In Qatar, where sodomy is punishable by one to three years in prison, social content related to the LGBTQ community is regularly blocked, while in Afghanistan LGBTQ content is blocked, apparently on the grounds that it is categorized as “matchmaking.” (One filtering category, “alternative lifestyle,” is meant to encompass what the company calls “the full range of non-traditional sexual practices, interests, and orientations.”)
In Kuwait, attempts to access the World Health Organization’s HIV/AIDS site was blocked on the grounds that it was pornographic. In the UAE, the entire World Health Organization website is considered pornography by Netsweeper’s filters. Websites for The Christian Science Monitor, the World Union for Progress Judaism, the Center for Health and Gender Equity, and Change Illinois are also labeled as porn.
Unlike China’s Great Firewall, a still-mysterious set of technical controls that restricts internet access there, Netsweeper is off the shelf software, available to virtually anyone operating a network. According to a 2017 pricing sheet, the company charged government clients about $11 a month per user for under 2,000 users. In 2016, the company charged Bahrain, with a population of 1.5 million, a fee of $1.2 million for a “national website filtering solution.”
In promotional materials, Netsweeper says that its software is operational in 63 countries; Citizen Lab’s analysis found the technology being used to filter content across entire networks in 30 countries. Among the ten countries Citizen Lab studied between August 2017 and April 2018, the highest number of Netsweeper installations was in India, where the group found 42 installations by 12 ISPs. Pakistan, with 20 installations, came in second.
A history of dismissals and “bullshit”
Netsweeper did not respond to specific questions from Fast Company but sent a statement that dismissed or ignored Citizen Lab’s findings. In April, CBC News reported that Roach, Netsweeper’s chief executive, has called Citizen Lab’s previous reports on his company “bullshit.”
In an email to Fast Company, Deibert says that not only are the findings peer-reviewed, “but the methods, data, and findings are transparent and reproducible.”
“[Roach’s] flippant statement is not only insulting to our group, and to the enormous effort and care we put into the research and writing of this report; it is also insulting to all Canadians and Canadian values,” says Deibert.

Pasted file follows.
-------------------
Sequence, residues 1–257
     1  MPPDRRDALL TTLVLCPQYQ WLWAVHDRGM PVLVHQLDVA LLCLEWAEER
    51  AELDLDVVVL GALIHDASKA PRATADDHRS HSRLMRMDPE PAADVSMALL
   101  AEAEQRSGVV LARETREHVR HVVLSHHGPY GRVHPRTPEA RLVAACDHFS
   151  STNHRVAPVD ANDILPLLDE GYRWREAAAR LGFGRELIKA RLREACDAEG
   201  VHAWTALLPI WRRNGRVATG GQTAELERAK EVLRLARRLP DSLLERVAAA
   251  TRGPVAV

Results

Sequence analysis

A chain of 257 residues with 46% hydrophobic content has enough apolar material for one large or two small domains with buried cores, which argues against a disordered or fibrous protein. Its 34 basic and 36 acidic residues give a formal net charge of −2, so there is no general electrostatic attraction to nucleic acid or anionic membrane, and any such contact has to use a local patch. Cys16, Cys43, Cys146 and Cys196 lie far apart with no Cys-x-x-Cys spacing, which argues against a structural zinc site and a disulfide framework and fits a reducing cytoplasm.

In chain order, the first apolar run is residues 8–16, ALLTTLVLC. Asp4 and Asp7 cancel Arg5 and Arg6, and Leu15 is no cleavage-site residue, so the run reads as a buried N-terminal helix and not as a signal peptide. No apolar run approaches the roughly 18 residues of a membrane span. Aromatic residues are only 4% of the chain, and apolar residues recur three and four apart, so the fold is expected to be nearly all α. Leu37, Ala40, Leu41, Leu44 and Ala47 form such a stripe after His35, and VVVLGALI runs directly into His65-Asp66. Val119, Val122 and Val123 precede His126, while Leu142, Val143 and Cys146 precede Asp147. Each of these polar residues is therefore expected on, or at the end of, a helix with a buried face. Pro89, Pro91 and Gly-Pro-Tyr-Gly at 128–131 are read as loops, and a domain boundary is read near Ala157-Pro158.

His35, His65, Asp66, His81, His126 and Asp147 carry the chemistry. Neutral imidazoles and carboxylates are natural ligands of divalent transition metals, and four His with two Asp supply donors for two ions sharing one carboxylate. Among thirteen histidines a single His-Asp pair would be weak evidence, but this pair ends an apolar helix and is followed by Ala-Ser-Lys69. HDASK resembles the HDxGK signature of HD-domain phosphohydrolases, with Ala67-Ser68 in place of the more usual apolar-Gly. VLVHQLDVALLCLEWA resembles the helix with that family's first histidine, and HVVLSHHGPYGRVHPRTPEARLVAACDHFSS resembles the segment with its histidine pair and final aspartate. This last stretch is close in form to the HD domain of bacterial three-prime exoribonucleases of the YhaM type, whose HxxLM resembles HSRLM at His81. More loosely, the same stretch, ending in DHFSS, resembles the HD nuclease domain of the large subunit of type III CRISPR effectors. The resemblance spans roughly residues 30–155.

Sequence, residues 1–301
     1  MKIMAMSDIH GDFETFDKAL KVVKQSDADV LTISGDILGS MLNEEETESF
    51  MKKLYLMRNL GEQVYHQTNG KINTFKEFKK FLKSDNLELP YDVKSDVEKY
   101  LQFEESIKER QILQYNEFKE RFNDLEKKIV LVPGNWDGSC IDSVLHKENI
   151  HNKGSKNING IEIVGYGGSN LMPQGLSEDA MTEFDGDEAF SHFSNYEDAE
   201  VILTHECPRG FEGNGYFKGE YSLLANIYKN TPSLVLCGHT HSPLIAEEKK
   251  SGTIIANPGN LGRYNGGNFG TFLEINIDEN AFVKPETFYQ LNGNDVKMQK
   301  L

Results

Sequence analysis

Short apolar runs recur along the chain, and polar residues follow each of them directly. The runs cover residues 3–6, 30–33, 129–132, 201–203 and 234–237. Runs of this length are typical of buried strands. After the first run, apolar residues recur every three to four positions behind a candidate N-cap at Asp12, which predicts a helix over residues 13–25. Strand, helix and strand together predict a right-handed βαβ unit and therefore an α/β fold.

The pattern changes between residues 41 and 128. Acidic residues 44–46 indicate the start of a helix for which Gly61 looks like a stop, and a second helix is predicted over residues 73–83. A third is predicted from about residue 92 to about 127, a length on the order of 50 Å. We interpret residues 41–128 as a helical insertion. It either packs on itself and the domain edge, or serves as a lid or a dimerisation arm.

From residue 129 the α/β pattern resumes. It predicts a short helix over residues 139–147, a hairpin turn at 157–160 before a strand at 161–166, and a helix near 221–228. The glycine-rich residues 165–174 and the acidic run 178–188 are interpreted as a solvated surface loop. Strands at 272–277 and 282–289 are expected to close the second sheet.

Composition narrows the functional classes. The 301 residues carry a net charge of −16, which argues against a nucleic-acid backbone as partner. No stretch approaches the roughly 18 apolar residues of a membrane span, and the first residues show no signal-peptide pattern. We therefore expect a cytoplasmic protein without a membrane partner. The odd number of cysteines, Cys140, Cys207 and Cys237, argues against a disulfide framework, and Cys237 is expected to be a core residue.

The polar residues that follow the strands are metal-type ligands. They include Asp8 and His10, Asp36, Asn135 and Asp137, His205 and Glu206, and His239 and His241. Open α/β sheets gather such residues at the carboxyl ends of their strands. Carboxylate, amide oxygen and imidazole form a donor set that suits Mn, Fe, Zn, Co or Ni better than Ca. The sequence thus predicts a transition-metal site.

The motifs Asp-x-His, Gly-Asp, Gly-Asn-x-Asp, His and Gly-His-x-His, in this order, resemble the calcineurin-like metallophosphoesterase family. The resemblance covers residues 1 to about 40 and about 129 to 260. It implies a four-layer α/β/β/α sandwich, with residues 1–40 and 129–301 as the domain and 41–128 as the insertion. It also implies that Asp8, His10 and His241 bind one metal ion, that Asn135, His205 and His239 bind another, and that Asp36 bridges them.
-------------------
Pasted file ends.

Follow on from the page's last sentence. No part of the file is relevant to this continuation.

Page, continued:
“In a single phrase, it speaks volumes about his company’s apparent dismissal of any obligation to public accountability and corporate social responsibility,” he says. “I suppose that is what happens when there are few repercussions for engaging in business practices that violate human rights.”
Deibert’s encounters—and tussles with—Netsweeper date back nearly a decade. Citizen Lab has been tracking the software’s fingerprints since 2011, when Middle Eastern governments were blocking objectionable web content during the Arab Spring. Ahmed Mansoor, a human rights advocate in the UAE, said that his persecution by the government began that year, when the government used software like Netsweeper to censor the online discussion forum he ran. Mansoor, who was also famously the target of a sophisticated spyware attack that Citizen Lab also examined, was imprisoned in 2017 for publishing “false information that harm national unity and damage the country’s reputation.”
Along with researchers from OpenNet Initiative, Deibert first noticed the company’s software back in 2010 in the Gulf region, several years after they published a report on Websense, a cybersecurity company that also sells firewall technology. The report found that Yemen was using the software to institute political filters, which led the Austin, Texas-based company to pull its services from the Middle Eastern country.
Subsequent Citizen Lab tests demonstrated that Yemen did not give up on political filtering, as YemenNet ultimately began deploying Netsweeper instead.
In the wake of Citizen Lab’s reporting on Yemen, Netsweeper sued the university and Deibert in 2015 for defamation, with damages estimated at more than $3 million. The company discontinued the lawsuit the following year.
“One point bears underscoring,” Deibert wrote after the suit was canceled. “It is an indisputable fact that Citizen Lab tried to obtain and report Netsweeper’s side of the story. Indeed, we have always welcomed company engagement with us and the public at large in frank dialogue about issues of business and human rights.” But Netsweeper never replied, he said.
When asked for comment via email, Netsweeper CEO Perry Roach directed questions to the company counsel, Christos Vitsentzatos, author of an April 13th press release that states most of the company’s clients are governments and government institutions seeking “to protect children from the dissemination of child exploitation.”